A Tour Through Their History: Dean and Son

Dean and Son was the first publisher to produce movable books on a large scale. Thomas Dean, who founded the firm sometime before 1800, was one of the first publishers to take full advantage of the new printing process, lithography, which was invented in Germany in 1798. His business was devoted exclusively to making and selling novelty books, or “toy” books, a term publishers began using in the early nineteenth century. His son George became a partner in 1847, and their toy books took over the market from the 1840s to the 1880s.

Dean opened studios in London where teams of artists worked to design and craft all kinds of new and complex movables. Around 1856, Dean released a series of fairy tales and adventure stories under the title New Scenic Books. The scenes in the books were crafted in a “peep show” style. Each was illustrated on at least three cut-out sections. The sections were placed one behind another and attached by a ribbon running through them. This way, they could stay together and be folded flat as flaps, face down against a page. When a reader lifted a flap, a three-dimensional scene would actually pop-up! A later, but good example of this technique is McLoughlin Brothers’ The Lions’ Den (ca. 1880), which is held together by a piece of board across the top instead of a ribbon.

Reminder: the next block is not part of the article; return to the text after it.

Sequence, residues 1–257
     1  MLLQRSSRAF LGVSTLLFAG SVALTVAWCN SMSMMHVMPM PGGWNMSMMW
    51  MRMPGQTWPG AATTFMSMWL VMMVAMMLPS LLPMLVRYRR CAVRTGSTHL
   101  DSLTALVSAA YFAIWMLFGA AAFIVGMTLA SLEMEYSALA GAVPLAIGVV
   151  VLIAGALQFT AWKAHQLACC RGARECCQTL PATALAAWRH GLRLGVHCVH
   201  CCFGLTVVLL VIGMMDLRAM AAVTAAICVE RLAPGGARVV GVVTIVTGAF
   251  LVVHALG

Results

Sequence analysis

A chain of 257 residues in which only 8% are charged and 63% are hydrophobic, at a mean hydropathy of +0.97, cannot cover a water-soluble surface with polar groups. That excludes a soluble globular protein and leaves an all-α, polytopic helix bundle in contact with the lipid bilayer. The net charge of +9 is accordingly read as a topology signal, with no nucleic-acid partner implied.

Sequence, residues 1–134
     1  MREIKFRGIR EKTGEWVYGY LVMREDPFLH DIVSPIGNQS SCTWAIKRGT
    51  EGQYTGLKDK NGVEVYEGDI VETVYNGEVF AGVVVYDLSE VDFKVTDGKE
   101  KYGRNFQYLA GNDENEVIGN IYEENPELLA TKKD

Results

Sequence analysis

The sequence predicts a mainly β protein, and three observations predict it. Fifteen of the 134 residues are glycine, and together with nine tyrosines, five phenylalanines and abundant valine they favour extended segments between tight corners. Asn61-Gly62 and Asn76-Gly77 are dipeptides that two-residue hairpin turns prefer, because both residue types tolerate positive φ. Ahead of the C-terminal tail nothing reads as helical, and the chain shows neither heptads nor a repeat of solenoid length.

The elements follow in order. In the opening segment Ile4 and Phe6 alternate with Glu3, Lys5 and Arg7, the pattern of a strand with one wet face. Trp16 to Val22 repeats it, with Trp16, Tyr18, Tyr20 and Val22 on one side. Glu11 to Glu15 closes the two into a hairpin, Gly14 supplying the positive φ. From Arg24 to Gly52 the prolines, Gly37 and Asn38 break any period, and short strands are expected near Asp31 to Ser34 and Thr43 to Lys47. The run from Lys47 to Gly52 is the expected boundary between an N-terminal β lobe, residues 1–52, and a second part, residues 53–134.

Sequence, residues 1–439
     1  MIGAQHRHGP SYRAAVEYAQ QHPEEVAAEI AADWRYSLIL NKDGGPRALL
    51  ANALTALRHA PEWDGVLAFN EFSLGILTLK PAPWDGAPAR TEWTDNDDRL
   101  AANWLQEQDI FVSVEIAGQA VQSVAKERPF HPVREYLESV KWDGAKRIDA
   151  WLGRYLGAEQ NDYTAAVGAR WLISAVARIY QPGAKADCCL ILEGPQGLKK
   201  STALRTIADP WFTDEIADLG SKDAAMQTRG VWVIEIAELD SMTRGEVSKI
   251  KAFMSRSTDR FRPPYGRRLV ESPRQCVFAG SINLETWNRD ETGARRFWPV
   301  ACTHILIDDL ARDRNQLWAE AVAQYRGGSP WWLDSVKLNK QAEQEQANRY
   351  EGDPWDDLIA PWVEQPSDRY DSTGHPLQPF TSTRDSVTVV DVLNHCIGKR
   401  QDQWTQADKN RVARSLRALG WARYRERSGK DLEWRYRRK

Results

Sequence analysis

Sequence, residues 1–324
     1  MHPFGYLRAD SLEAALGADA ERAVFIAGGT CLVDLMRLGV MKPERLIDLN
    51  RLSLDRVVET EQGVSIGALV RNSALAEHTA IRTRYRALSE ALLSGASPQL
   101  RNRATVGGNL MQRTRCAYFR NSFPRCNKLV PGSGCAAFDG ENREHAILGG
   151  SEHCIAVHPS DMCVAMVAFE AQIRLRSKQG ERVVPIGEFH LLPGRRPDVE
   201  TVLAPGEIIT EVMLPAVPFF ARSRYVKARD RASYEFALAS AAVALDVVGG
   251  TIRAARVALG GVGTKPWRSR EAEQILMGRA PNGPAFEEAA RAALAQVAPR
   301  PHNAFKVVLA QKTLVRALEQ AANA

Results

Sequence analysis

The books in new scenic series are probably the first that today’s readers would consider pop-up books, although the term “pop-up” was yet to be used to describe such books. “Movable” or “toy book” was usually the choice for description. In 1860, Dean actually claimed to be the “originator” of movable books.

During the 1860s, Dean can be credited with inventing another first: the use of a mechanism that moved or was animated by pulling a tab. Dean advertised the new mechanisms as “living pictures.” The Royal Punch & Judy is one of these early publications with tabs, which are located on the bottom of each page. In it, Punch and Judy are animated in their miniature theatre and act out all the violence and abuse that a Victorian audience would have expected from the couple.

Another Dean series, Home Pantomime Toy Books, contains beautiful chromolithographs. The illustrated pages in these books are of different sizes; and, as the pages are turned, part of the visible scene changes, thereby changing the subject matter of the entire image. Beauty and the Beast, one of the books from this series, demonstrates this effect.

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